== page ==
There’s truly dreadful news tonight that one of the ablest members of the North Carolina General Assembly, Senator Martin Nesbitt, has died just days after announcing that he was seriously ill . It’s a grave blow to the state and we are all worse off for his passing.
There will be time in the days ahead for tributes to this wonderfully intelligent, caring and good-hearted man, but if you don’t know that much about him and would like to get a feel for who he was, go to the search function on this website and just type in his name. Upon doing so, you’ll find a host of articles in which he was featured — usually as a rare voice of reason in the state’s increasingly troubled policy debates in recent years.
When I did that, I was happy to find this post I wrote back in 2007  soon after this blog was first launched. In addition to featuring the now youthful looking photo of the senator that you see here, the post was a tribute to his willingness to stand up and speak the truth on an unpopular issue. I remember hearing at the time that he’d seen the post and appreciated it, so I offer it again tonight as one small and very fond remembrance:
Martin Nesbitt: Keeping us coming back
As most people guilty of golf will attest, all it usually takes is one good hole (or, sometimes, just one good shot) to convince even the lousiest player that he or she should try it again soon. The fact that the person will, in all likelihood, endure another four to five hours of mostly miserable play at great expense is forgotten in the glow of that one enjoyable moment.
And so it is with those of us guilty of participating in North Carolina public policy debates. We trod the dark and sweaty halls on Jones Street, endure hour after hour of stultifying committee discussion, and listen to one self-congratulatory, politically expedient speech after another in search of those rare moments that remind us of why it is that we got in the business in the first place: Moments in which a political leader speaks like, well, a leader — with vision, courage, intelligence and a genuine concern for the people he or she serves.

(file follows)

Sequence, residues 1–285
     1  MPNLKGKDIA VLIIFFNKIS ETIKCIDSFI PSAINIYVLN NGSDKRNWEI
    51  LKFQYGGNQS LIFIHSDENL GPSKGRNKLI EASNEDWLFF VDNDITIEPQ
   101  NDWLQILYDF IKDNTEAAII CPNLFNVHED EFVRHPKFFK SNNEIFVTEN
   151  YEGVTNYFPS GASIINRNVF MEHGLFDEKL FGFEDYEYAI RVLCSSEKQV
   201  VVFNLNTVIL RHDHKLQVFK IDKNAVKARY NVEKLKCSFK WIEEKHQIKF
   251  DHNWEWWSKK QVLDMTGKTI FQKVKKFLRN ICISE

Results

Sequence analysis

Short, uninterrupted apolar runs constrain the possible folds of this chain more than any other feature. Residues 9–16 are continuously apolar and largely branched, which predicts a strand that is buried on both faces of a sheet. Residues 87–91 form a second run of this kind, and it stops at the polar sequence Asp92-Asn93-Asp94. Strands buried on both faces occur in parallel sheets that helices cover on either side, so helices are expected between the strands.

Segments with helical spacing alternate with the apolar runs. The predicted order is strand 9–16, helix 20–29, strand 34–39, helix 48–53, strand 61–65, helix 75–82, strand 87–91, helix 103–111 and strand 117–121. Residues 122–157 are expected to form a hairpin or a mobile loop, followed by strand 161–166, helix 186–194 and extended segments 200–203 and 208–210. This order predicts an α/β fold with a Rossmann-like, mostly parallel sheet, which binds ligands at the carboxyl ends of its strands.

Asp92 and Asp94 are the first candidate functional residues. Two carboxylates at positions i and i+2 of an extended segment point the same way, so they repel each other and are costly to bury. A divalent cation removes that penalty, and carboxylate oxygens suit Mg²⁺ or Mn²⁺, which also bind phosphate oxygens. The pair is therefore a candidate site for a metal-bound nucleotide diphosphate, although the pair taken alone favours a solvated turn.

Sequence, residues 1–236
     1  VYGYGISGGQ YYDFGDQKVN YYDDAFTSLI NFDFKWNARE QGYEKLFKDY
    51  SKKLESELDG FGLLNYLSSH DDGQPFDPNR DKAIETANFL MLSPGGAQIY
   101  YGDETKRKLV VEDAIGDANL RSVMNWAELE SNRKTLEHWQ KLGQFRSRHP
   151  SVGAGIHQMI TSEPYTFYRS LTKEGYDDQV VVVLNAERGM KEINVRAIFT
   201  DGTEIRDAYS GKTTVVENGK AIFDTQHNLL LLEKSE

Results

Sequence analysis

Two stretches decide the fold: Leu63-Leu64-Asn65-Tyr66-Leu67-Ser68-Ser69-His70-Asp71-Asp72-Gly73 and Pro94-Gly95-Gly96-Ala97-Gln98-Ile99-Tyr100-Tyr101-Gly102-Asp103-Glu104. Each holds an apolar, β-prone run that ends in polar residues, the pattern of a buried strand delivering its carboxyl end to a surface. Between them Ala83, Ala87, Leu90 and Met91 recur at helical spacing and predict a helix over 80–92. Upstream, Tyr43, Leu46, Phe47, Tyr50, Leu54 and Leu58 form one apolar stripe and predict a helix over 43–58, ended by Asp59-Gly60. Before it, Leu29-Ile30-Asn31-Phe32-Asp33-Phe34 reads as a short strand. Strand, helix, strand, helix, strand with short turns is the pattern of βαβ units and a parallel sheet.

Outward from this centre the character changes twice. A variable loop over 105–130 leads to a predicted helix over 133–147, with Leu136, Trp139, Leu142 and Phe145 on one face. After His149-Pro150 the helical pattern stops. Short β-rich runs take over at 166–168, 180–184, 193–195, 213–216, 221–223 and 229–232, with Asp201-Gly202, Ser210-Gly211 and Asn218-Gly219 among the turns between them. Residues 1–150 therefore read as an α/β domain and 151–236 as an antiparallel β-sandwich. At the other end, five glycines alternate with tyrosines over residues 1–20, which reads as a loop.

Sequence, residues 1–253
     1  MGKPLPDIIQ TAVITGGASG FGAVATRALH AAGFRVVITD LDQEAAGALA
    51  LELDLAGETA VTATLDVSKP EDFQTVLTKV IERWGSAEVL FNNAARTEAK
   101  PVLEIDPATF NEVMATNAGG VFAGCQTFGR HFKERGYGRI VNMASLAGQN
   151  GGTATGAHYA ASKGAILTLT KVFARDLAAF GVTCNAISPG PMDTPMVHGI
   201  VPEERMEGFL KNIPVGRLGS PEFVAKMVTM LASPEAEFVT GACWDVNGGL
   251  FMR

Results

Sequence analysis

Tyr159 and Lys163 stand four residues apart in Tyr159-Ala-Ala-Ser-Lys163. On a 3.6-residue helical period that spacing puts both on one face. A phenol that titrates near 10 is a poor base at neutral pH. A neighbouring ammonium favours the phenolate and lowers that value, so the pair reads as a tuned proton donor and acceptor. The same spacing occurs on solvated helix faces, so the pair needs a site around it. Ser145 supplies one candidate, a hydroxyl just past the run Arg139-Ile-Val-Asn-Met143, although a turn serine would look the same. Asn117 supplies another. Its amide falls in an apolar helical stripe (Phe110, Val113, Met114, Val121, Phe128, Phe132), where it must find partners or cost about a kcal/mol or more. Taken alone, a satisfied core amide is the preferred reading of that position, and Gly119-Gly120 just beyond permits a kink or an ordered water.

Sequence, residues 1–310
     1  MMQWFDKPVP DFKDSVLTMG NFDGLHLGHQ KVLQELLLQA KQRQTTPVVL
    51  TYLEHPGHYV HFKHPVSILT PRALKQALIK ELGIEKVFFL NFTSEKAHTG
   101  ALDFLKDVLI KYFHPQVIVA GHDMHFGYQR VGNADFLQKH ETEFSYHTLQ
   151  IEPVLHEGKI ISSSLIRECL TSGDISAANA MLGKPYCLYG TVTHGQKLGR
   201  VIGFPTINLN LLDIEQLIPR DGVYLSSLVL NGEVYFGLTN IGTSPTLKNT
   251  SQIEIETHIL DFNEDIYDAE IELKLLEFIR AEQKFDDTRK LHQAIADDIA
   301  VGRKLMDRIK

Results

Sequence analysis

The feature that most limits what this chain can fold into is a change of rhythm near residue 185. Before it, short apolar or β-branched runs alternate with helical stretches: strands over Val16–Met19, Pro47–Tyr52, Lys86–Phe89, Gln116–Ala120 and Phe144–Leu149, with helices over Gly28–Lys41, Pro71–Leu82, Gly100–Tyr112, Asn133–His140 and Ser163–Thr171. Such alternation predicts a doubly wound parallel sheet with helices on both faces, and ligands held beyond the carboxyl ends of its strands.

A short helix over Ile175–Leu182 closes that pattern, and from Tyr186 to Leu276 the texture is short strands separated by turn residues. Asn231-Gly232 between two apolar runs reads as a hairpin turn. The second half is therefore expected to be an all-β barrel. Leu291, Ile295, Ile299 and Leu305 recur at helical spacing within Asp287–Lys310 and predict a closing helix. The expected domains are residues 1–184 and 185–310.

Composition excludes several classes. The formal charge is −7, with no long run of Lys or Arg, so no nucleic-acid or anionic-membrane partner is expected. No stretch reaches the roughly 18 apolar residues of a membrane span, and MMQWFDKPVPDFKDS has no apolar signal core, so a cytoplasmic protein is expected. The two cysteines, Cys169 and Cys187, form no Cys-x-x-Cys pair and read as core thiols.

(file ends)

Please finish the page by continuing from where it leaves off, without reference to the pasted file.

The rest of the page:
These days, the person most likely to provide such moments (at least in the state Senate) is Martin Nesbitt of Buncombe County . Yesterday, Nesbitt did it again when he stood up on the Senate floor and argued with his usual eloquence, passion and folksy good humor for the Senate to preserve a pilot clean needle/syringe exchange program for IV drug abusers  (see page 88). While several other supposedly progressive lawmakers sat silently in their chairs, Nesbitt stood up and spoke the truth.
He told his colleagues how the program would help stem the tide of HIV and AIDS and thereby save lives (of drug abusers and their innocent spouses and partners) and, in the long run, help control the scourge of IV drug abuse. In short, Nesbitt provided a large measure of what he almost always provides – plainspoken common sense about how government can be used in a direct and intentional way to improve the quality of life enjoyed by all North Carolinians. Nesbitt’s performance was nothing new. He’s been a voice of reason in the General Assembly for decades — sometimes from a position of great power and influence and other times not. Either way, he’s almost always the sharpest, best informed person in the room.
Of course, Nesbitt did not win yesterday’s vote. Only nine other senators mustered the courage to join with him in support of the program. Kudos to Senators Ed Jones  and Charlie Dannelly  for speaking and voting with Nesbitt. Two senators actually spoke in favor of the needle exchange program and then voted against it (along with 37 of their colleagues). Despite the disappointing vote , Nesbitt was undaunted. He told one friend that he was upbeat and thought the Senate was making progress on the issue.
In short, it sounded like he would be coming back for more. In so doing, he’ll be helping to make sure that a few other folks who care do the same.